Source | business.linkedin.com | Ross Murray
The impact of COVID-19 has been devastating for women in the workforce. Millions lost or left their jobs, and a recent analysis revealed that while men in the United States gained about 16,000 net jobs in December 2020, women lost a net total of 156,000 jobs.
In recognition of International Women’s Day, let’s explore what our data can tell us about COVID’s impact on working women and what companies can do to empower them. “LinkedIn’s data from around the world tells a consistent story,” says Karin Kimbrough, LinkedIn’s chief economist. “Women’s hiring has proven to be more vulnerable than men’s, and COVID-19 has likely had a more damaging impact on women’s careers.”
Today, we’ll take a closer look at that data to see how the pandemic impacted women in the workplace overall — and how it impacted some women more than others, with some stark disparities across different industries and education levels. Along the way, we’ll consider what it all means for your hiring strategy and how your company can support women every day of the year.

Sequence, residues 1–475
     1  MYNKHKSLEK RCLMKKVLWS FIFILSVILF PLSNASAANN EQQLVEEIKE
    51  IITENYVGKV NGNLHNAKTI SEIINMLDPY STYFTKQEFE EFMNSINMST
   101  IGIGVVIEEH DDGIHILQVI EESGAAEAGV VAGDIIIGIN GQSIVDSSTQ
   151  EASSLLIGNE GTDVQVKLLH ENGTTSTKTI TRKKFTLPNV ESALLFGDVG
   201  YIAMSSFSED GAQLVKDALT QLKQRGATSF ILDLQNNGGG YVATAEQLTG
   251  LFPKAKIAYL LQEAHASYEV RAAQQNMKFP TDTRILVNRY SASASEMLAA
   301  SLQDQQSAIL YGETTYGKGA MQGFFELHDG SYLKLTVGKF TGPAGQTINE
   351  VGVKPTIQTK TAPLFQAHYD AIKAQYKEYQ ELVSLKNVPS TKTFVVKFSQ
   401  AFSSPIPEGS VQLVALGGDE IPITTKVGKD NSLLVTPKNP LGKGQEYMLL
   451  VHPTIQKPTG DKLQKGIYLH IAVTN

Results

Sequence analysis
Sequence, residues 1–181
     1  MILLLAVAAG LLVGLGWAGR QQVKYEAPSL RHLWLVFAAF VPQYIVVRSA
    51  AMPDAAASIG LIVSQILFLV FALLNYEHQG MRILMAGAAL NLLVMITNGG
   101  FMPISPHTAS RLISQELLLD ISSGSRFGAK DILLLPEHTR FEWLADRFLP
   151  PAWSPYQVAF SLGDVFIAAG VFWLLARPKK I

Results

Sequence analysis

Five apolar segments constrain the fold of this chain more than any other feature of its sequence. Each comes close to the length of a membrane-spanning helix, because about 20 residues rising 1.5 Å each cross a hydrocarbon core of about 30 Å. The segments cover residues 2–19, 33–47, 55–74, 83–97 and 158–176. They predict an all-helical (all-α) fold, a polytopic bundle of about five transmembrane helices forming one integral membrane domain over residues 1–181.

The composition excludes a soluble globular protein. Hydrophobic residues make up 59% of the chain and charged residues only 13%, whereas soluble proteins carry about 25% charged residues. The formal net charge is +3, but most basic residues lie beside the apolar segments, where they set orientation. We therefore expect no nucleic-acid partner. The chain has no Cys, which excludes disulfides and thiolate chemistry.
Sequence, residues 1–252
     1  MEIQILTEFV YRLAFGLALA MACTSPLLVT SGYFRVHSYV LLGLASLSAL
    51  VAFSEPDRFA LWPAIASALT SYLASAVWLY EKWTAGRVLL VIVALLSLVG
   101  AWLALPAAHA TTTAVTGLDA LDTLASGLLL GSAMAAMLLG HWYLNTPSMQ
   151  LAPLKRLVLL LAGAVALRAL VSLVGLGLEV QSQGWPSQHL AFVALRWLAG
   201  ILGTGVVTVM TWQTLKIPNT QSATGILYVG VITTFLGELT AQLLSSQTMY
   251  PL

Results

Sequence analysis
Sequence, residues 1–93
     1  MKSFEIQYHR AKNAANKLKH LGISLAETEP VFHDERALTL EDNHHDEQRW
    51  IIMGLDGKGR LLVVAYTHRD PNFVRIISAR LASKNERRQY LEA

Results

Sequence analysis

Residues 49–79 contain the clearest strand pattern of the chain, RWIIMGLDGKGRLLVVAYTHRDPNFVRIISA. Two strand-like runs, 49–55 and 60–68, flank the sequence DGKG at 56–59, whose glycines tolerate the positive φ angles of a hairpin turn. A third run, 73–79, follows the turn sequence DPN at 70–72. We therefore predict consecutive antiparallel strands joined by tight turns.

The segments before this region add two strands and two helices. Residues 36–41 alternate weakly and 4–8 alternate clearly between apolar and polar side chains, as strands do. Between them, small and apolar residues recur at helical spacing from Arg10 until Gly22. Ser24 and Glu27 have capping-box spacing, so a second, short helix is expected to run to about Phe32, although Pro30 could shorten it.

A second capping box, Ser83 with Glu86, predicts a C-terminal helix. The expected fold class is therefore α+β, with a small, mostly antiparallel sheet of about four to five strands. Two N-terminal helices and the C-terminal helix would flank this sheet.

The gender split of new hires returned to pre-COVID levels, but the recovery still has a long way to go
If you look at the gender split of new hires, you’ll notice the share of women dropped dramatically near the start of the pandemic. “Right away, we saw a dip in the share of women who were being hired,” Karin says.
After that massive decline from March to May, the share of women among new hires surged back almost as quickly as it fell. In fact, the global gender split of new hires in January 2021 was actually about 1% more female than it was in January 2020.
“The share of women hired has recovered quickly, but that could in part be because so many women lost their jobs and had to find new ones,” Karin explains. “So while we’ve seen some recovery, we still have a ways to go. Companies have work to do to get more women back in the workforce globally.”